Ghosts 'N Goblins (Elite) Review | ST Format - Everygamegoing

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Ghosts 'N Goblins
By Elite
Atari ST

Published in ST Format #12

Ghosts 'N Goblins

Arcade fans were first swept up by the Ghosts 'N Goblins phenomenon in 1986. Three years later, its shelf life was over and Capcom brought out a follow-up called Ghouls 'N Ghosts. Since then, US Gold have obtained the licence for the follow-up and released one of the best ever scrolling adventures. Elite obtained the licence for the original at the time of its release, but company problems delayed the ST conversion until now. US Gold's success with Ghouls 'N Ghosts has left Elite with egg on their face.

Although Ghosts 'N Goblins is dated, its scenario still has potential for some clever graphics and sound effects, so have Elite delivered the goods?

The objective is the usual old bunkum about rescuing the beautiful princess from the clutches of the demonic Overlord. This mind-boggling feat takes place in a graveyard wriggling with an inexhaustible supply of creatures who crawl out of their holes to cause you grief. These creatures become ever more malicious toward the end of each level where you encounter an oversized, power-hungry monster who gobbles up your hammers and knives as if they're Smarties. The key to defeating these awesome beasts is simply to work out the best place to stand.

You begin armed with a healthy supply of knives, but as you proceed you have the opportunity to pick up a variety of other weapons. Since each new weapon replaces the current one you need to be careful not to lose a trusty weapon by picking up something completely useless.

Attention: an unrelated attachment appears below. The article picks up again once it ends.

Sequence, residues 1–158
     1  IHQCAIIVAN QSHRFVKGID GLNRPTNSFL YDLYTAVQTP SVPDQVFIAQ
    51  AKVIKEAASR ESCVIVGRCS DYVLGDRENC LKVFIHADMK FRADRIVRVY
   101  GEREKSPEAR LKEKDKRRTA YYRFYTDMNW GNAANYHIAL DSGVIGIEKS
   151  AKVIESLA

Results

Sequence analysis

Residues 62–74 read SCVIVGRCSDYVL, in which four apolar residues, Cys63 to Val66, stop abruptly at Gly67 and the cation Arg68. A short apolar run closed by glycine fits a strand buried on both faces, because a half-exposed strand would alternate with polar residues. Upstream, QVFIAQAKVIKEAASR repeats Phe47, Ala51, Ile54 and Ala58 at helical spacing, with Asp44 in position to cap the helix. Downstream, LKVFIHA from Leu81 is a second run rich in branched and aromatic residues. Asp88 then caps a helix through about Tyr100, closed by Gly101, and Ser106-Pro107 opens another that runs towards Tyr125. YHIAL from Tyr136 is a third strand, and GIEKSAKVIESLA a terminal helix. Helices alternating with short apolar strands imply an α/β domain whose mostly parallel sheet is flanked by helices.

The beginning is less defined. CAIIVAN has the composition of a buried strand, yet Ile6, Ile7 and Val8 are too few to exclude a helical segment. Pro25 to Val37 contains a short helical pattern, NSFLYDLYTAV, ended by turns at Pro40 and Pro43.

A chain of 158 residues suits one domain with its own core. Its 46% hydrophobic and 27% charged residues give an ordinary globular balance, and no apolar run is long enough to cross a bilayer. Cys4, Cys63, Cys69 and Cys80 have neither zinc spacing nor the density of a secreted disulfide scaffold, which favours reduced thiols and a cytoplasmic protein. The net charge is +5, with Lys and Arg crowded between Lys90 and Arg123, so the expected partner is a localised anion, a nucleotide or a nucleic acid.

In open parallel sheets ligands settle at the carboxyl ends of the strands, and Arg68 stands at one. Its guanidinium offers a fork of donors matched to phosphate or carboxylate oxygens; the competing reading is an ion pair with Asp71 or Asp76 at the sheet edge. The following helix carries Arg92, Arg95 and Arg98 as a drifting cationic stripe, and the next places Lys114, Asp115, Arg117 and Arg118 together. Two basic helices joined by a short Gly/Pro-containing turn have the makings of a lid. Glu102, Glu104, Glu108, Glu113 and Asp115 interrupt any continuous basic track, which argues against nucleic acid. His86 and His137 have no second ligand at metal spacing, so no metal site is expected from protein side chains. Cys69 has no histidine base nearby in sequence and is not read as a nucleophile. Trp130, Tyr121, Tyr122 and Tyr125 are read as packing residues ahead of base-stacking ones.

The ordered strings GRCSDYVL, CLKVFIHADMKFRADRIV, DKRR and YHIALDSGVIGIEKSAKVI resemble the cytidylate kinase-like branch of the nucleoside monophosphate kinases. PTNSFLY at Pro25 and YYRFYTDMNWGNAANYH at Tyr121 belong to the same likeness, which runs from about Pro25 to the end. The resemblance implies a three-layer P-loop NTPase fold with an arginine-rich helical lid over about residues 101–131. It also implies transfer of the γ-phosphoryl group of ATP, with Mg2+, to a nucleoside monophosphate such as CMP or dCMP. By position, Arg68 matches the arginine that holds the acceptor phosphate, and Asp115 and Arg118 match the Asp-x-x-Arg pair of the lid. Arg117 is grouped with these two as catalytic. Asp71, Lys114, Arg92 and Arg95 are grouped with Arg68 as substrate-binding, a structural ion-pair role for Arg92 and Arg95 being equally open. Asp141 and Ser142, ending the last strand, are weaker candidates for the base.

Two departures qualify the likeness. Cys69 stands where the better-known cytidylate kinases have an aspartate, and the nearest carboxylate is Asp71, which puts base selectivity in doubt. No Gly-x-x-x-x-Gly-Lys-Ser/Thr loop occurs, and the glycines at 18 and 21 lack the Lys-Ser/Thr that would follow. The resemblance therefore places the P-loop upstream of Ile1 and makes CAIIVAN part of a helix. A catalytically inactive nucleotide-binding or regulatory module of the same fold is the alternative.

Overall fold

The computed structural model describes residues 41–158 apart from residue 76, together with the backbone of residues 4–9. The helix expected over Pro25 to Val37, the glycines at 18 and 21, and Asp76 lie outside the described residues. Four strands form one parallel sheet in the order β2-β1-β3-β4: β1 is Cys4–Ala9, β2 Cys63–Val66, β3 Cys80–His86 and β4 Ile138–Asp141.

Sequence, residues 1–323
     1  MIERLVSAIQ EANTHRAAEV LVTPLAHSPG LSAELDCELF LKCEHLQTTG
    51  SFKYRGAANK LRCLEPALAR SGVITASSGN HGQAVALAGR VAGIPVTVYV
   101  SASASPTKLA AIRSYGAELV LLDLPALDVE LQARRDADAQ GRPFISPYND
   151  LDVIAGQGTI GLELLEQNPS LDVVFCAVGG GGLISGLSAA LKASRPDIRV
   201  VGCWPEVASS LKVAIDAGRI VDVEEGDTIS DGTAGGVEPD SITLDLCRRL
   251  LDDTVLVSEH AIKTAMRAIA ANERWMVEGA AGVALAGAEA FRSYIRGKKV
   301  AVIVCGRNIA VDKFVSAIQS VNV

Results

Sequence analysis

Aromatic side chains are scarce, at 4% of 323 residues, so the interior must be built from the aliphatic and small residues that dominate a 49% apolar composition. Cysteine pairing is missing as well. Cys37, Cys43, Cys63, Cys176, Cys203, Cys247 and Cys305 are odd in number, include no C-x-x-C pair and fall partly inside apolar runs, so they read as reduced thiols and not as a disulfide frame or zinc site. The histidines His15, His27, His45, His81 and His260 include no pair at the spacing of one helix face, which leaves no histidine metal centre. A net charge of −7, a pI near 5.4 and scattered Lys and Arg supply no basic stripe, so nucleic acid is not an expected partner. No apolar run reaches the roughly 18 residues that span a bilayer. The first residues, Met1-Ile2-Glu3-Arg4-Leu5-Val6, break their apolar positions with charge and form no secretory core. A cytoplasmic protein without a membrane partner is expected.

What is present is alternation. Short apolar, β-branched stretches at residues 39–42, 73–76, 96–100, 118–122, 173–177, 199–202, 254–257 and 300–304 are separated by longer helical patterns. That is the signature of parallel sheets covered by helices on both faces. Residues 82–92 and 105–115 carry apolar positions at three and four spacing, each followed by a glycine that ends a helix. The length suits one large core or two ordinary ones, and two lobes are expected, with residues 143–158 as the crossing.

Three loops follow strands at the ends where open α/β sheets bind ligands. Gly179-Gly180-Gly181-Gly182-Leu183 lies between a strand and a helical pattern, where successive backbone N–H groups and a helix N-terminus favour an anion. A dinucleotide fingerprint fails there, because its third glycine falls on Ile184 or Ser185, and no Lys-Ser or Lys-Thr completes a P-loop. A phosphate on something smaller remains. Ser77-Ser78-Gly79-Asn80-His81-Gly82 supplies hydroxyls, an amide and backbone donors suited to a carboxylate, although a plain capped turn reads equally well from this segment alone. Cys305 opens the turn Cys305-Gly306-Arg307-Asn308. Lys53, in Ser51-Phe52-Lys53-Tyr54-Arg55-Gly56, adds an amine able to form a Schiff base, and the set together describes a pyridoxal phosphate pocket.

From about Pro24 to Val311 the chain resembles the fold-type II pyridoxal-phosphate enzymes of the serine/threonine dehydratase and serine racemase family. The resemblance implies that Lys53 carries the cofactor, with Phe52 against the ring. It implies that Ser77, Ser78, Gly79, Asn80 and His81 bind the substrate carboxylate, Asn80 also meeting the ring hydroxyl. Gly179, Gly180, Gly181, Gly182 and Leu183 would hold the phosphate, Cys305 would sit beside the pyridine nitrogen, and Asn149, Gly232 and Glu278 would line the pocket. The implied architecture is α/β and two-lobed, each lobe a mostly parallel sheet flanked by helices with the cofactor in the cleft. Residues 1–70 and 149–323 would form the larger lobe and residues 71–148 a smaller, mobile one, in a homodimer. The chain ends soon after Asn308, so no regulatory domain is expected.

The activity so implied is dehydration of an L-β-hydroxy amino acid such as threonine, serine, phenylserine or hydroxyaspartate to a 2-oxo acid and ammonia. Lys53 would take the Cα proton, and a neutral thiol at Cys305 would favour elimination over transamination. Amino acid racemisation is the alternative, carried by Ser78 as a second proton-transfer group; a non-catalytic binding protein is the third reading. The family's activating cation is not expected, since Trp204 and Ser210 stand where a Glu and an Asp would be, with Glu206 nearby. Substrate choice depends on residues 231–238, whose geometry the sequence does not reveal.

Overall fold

Most of the action takes place in horizontally-scrolling levels, but there are also platforms to climb. At points in each level, the action freezes and additional graphics and backdrops are loaded from disk before you can continue.


This sort of game depends on graphics and absorbing sound effects for survival. Sadly, Ghosts 'N Goblins looks like it's taken its last breath. The playing sprites and backdrops are small, colourless and without detail. They lack subtleties of shading, and although their movement is smooth, they're far from impressive.

It's not all bad news though: the biggest challenge to any ST horizontally-scrolling game is the smoothness of the scrolling and in this department there's no disputing that the game scores highly. However, it's little compensation for poor graphics and equally tedious sound effects.


It's inevitable that Ghosts 'N Goblins is going to be compared to US Gold's conversion of the sequel, and the programmers must be incensed that their rivals made such a good job of it. Unfortunately they only have themselves to blame. Even though the arcade version's graphics were hardly spellbinding, that's absolutely no excuse for ignoring the full potential of the ST.

Some games that spend a long time in the pipeline are often well-researched and developed, but when it takes three years for a game to be released you start becoming suspicious. And rightly so. ST games are improving so fast that if we have to wait that long for any game, it's an anachronism the day it appears. It's easy to forget just how far ST games have come in such a short time until you see a conversion of a relic from 1986 like this one. If it had been released 18 months ago it would have been praised; now it's too little much too late.

Mark Higham

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